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Those Were the Days – Dolly Parton
The inimitable Dolly Parton has once again broken through her country and bluegrass classification with her newest release. Those Were the Days is a collection of folk classics covers but interpreted with a style that can only be defined by Dolly. The CD is an interesting mix of Dolly's favorites from the 60s and 70s. This CD immediately captured me and drew me into its core.
Although this is pure Dolly, she invited many original artists and song writers to join her. She also assembled a mix of new talents to breathe new life into the old classics. Each cut on the CD reflects Dolly's signature styling and it works perfectly. Throughout the CD, Dolly blends in country and bluegrass influences and touches it with her unique vocal interpretation. Original artists featured on the CD include Mary Hopkins, Yusuf Islam (Cat Stevens), Kris Kristofferson, Tommy James, Roger McGuinn, and Judy Collins. New artists include Nicklel Creek, Keith Urban, Alison Krauss, Mindy Smith, Don Tyminski, Joe Nichols, Rhonda Vincent and David Foster. Special guest musicians include Chris Thile, Bryan Sutton, Sam Bush and David Foster.
The title cut, Those Were the Days brings us back into the era of folk, folk rock and early classic rock. While this song was never a favorite of mine, it has a nostalgic feel and sets a good mood for the rest of the CD. Timeless are Blowing in the Wind, Where Have All The Flowers Gone and Where Do The Children Play, each with messages that are as applicable today as they were in their original release days. Roger Miller's Twelfth of Never is rendered in a wonderful duet with Keith Urban. Dolly sings it with such heart felt emotion that Keith is heard at the end of the song saying: "You give me chills, Dolly" and she sure does.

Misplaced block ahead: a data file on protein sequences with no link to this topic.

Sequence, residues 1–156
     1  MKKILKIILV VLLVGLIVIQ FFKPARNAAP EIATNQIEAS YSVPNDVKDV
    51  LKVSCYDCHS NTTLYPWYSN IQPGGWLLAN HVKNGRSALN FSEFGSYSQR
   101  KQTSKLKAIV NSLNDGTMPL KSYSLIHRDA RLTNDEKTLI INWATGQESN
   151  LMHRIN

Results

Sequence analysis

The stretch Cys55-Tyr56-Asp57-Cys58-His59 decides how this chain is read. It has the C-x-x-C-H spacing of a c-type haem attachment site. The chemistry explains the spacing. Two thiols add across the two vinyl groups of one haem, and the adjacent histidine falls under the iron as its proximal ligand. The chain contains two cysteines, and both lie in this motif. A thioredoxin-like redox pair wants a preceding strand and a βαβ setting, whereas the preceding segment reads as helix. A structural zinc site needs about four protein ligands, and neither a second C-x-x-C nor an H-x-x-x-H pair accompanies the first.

Lighter and more playful are Me & Bobby McGee and Crimson and Clover. While most of us growing up in the 60s feel no one could ever replace Janis Joplin's rendition of Me & Bobby McGee, Dolly doesn't try. Dolly knows her center and gives us her interpretation of the song rather than an imitation of Janis. Crimson and Clover recalls the original 60s psychedelic aura but with more of a country feel to it. Unusual but quite interesting.
The other exceptional cut is Dolly's cover of John Lennon's, Imagine. She's joined in the vocals by David Foster and a bevy of vocalist for a choir effect. This is another song which gives you the chills. It is clearly heartfelt as Dolly builds the vocal impact of the message in the song. Quite chilling. The impact stays with you as the CD wraps up with this beautiful rendition of Imagine.
If you are interested in a wider selection of Dolly's work you can find it here:
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